The most common problem that creates a great deal of life-long trouble for patients is blood sugar management. This can manifest as hypoglycemia (low blood sugar) or as insulin resistance. As soon as a problem begins, the body uses its reserves and the reserves of other hormone producing tissues in order to keep blood sugar stable. Over the long run, this compensation leads to most of the know functional illness symptoms such as: insomnia, fatigue, headaches, pain cycles, anxiety etc. There are many reason for this, which I have discussed elsewhere (see: article archive). In this article however, I want to address the practical steps to balance blood sugar through diet.
Hypoglycemia is the clinical syndrome that results from low blood sugar. The symptoms of hypoglycemia can vary from person to person, as can the severity. Classically, hypoglycemia is diagnosed by a low blood sugar with symptoms that resolve when the sugar level returns to the normal range. For my patients, I recommend the diet below. However, since we are concerned with the function of the entire endocrine system, some lifestyle suggestions are also made which help to minimize the effects of adrenaline and cortisol - the two adrenal gland hormones that have a direct impact on blood sugar levels.
1. Never eat without having protein. Proteins are made up of amino acids that the body needs for growth and good health. Most protein will be converted into glucose by the body, but since this process takes some time, the glucose arrives in the bloodstream at a slower, more consistent pace.
2. Eat five or six small protein meals or snacks each day. Eating several small meals each day rather than 3 large ones helps regulate the amount of glucose in your bloodstream. Avoid skipping meals.
3. Avoid concentrated sweets such as soda pop, syrup, candy, sweetened cereals, and baked goods (pies and cakes). These are digested rapidly, which spikes glucose levels in the blood resulting in a rapid response by your pancreas to generate high amounts of insulin. These are never to be eaten by themselves and for most, should be completely avoided.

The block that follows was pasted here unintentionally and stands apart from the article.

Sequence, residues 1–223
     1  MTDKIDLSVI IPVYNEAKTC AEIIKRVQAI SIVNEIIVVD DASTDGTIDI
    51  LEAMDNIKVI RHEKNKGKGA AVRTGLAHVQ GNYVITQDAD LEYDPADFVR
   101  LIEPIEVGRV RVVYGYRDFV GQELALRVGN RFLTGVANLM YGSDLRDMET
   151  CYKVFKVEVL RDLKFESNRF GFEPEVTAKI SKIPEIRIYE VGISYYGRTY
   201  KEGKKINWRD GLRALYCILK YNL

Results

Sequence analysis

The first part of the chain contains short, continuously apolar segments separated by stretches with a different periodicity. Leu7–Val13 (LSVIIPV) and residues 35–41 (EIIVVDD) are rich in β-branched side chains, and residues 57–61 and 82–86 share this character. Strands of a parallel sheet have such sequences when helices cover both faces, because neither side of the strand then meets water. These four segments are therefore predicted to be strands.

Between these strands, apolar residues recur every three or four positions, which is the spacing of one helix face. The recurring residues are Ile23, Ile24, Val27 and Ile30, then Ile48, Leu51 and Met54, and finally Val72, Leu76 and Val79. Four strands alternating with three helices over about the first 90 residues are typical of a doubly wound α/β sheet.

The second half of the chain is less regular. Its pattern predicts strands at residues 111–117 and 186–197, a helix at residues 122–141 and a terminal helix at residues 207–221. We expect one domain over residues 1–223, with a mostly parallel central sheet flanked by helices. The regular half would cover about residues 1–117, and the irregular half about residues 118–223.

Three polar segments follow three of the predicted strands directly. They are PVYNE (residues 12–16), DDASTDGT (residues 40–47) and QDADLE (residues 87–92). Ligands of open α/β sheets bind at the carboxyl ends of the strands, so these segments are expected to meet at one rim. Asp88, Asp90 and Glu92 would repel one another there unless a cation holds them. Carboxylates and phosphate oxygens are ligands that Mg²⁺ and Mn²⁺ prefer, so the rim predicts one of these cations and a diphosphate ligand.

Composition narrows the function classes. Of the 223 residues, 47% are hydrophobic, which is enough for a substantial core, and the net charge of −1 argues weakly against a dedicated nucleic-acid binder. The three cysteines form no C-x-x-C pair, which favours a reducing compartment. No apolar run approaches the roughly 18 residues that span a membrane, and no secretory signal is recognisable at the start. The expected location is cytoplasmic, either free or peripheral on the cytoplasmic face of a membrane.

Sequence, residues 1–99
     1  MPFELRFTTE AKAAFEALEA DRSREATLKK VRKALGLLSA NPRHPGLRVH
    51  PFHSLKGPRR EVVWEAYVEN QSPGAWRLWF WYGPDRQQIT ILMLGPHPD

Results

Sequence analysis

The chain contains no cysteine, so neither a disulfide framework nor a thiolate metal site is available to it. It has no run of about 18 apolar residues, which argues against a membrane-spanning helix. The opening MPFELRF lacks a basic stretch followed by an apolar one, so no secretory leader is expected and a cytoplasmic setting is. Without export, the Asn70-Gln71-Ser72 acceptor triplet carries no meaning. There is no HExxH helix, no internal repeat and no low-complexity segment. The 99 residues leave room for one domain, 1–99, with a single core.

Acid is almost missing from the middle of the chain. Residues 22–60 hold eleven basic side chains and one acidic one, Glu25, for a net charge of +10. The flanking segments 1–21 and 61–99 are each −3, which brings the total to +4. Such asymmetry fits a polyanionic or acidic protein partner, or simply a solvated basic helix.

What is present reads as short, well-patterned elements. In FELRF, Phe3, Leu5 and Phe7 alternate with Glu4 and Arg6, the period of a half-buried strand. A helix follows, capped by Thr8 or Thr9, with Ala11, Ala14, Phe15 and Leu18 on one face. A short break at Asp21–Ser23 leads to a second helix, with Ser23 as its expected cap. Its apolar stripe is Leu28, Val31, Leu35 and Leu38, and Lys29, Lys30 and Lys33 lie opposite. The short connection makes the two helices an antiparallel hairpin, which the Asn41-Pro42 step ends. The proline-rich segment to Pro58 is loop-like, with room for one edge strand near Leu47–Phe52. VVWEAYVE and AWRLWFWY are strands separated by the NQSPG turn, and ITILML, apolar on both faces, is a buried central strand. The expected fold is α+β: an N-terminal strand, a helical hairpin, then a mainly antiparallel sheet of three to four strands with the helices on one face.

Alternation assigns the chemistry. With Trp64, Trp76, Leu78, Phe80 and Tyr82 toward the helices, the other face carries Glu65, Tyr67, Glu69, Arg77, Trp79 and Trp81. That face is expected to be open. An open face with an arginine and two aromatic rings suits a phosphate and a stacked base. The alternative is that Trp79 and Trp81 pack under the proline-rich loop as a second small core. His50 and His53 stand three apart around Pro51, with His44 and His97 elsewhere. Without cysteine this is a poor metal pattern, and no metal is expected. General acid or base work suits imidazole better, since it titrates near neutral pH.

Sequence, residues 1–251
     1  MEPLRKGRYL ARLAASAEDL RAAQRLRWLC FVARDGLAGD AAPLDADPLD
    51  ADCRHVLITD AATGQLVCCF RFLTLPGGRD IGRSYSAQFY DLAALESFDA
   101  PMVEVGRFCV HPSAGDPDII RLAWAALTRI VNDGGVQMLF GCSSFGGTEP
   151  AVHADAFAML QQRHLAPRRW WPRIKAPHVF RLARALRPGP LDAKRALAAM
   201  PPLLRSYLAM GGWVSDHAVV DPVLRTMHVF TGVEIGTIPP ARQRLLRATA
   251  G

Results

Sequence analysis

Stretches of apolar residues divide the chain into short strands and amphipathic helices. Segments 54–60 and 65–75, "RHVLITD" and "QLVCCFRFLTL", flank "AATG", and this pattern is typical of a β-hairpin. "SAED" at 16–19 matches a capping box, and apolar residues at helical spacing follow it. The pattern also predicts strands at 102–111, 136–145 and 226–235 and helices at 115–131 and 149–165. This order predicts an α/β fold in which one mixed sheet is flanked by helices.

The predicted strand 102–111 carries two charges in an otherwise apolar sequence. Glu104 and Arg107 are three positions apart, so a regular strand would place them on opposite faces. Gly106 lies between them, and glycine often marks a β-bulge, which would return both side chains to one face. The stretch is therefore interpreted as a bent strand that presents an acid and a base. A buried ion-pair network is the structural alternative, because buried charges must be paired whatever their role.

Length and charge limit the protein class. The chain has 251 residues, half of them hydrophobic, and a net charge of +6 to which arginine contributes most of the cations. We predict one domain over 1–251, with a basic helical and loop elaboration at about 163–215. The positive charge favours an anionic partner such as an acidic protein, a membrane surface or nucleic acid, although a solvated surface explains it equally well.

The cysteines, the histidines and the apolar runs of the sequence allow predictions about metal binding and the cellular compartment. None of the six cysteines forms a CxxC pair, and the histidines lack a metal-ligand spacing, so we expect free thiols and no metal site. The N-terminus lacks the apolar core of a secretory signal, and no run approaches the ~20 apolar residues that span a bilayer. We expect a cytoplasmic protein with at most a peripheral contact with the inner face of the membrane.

4. Adrenaline will promote hypoglycemia and insomnia. Therefore avoid caffeine and intense images or sounds from movies, TV or computers, especially at night.
5. Limit or avoid alcoholic beverages.
Proteins include: all lean meats, cottage cheese, eggs, legumes (beans), nuts and seeds. Hypoglycemia snack ideas:
The following snacks combine protein and carbohydrate, which may help avoid hypoglycemia.
English muffin and peanut butter
Hard cheese (cheddar) and apple slices
Humus (garbanzo bean mixture) and wheat crackers
Tuna and pita bread
Trail mix with limited dried fruit
Nuts (walnuts, peanuts, almonds, cashews)
Nut butters with celery
1-2 slices of turkey, ham or cheese
Cottage cheese and baby carrots
Depending upon the length and severity of the the blood sugar imbalance, specific nutrients are required through supplementation to address the body's depleted state. The most common ones include:
Other trace minerals
According to the Center for Disease Control, one of its primary goals for improving the health of the American public is to reduce the incidence of diabetes. Diabetes is a direct result of life-long blood sugar abnormalities. It is not difficult to correct blood sugar imbalances with a protein-rich diet and proper supplementation. Most of my patients see a significant difference in only a few weeks. Unfortunately, the sad fact is that diabetes will probably not be reduced despite being aware of the the amazingly simple steps required to balance blood sugar.
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